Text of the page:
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Ben Austwick [Film Festival 05.01.09] movie review scifi action comedy romance

Year: 2008
Directors: Jae-young Kwak
Writers: Jae-young Kwak
IMDB: link
Trailer: link
Review by: Ben Austwick
Rating: 8 out of 10

Lonely Jiro Kitamura is out celebrating his birthday alone when a pretty young girl approaches him and takes him on the night of his life through the streets of Tokyo before leaving as abruptly as she arrived. He can't forget her and mournfully hopes she'll return. Sure enough, on his birthday the following year she comes back and comes back for good. There's one problem though - the girl is a cyborg sent from the future, perfect in every way but unable to give Jiro the one thing he really wants from her – love.

With few other cast members Cyborg She hangs on the relationship between Jiro and the cyborg, and the chemistry between the two stars is the first step in what amounts to a charming and touching romantic comedy. Keisuke Koide is perhaps a little wet as hapless Jiro, but Haruka Ayase is fantastic as the cyborg, giving a versatile performance of energy and charm that pretty much steals the show. Cameos from Jiro's lecherous friend and a psychotic maths teacher provide some laugh-out-loud comic relief in a romantic comedy where the emphasis is firmly on the romance.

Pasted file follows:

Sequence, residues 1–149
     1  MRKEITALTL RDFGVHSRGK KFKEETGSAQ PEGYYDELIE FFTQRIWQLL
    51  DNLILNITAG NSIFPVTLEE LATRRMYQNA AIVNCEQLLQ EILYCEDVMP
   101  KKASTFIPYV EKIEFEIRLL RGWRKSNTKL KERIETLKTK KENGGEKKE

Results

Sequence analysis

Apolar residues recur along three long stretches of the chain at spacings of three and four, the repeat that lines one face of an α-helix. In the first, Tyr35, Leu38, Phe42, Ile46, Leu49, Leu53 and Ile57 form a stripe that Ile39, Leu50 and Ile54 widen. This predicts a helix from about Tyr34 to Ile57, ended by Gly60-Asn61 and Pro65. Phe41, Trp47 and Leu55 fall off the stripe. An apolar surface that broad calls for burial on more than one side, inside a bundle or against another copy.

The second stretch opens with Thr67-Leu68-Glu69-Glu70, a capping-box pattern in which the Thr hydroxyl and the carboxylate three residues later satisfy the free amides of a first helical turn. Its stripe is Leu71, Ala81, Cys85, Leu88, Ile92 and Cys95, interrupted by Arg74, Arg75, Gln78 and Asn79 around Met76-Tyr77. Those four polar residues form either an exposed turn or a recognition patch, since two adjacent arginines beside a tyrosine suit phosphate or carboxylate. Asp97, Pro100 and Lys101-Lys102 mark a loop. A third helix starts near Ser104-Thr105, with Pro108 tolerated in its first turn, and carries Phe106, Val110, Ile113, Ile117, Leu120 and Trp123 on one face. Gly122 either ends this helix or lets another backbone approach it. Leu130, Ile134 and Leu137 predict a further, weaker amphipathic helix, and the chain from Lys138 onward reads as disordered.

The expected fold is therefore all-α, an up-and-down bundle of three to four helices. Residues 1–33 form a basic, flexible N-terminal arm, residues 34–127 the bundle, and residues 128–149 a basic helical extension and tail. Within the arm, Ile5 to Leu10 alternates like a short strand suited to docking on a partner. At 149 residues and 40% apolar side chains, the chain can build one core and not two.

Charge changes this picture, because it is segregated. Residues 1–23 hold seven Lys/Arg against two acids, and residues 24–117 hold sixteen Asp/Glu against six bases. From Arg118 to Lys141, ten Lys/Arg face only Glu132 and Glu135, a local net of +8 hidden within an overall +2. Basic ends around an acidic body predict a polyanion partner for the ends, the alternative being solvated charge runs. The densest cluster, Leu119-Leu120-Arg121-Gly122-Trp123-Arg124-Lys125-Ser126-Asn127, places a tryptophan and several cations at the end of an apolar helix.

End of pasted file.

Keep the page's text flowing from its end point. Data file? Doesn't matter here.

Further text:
It's such a soppy affair that it may have some reaching for their sick bags, especially in the middle sections where a loved-up montage and a visit to Jiro's childhood home are accompanied by sentimental J-pop music. By this point though I was completely smitten by this heart-warming film and prepared to forgive it any excessive tugs on my heart strings. My only worry was whether it was going to devastate me with an unhappy ending or not, and the overcomplicated multiple endings certainly leave you hanging on the edge of your seat. When it comes the pay-off is a bit of tear jerker, so be prepared.

While there is enough here for the sci-fi fan – the reason the cyborg has been sent from the future provides an unexpectedly dark special effects scene more serious films have failed to deliver – Cyborg She is a romantic comedy and should be judged as such. The love story at its heart is touching and believable despite its preposterous premise, and nicely sidesteps the dull plot mechanics of your average rom-com. It's no doubt too saccharine-sweet for some, but if you let yourself go with the flow you'll find it hard not to shed a tear at the end.

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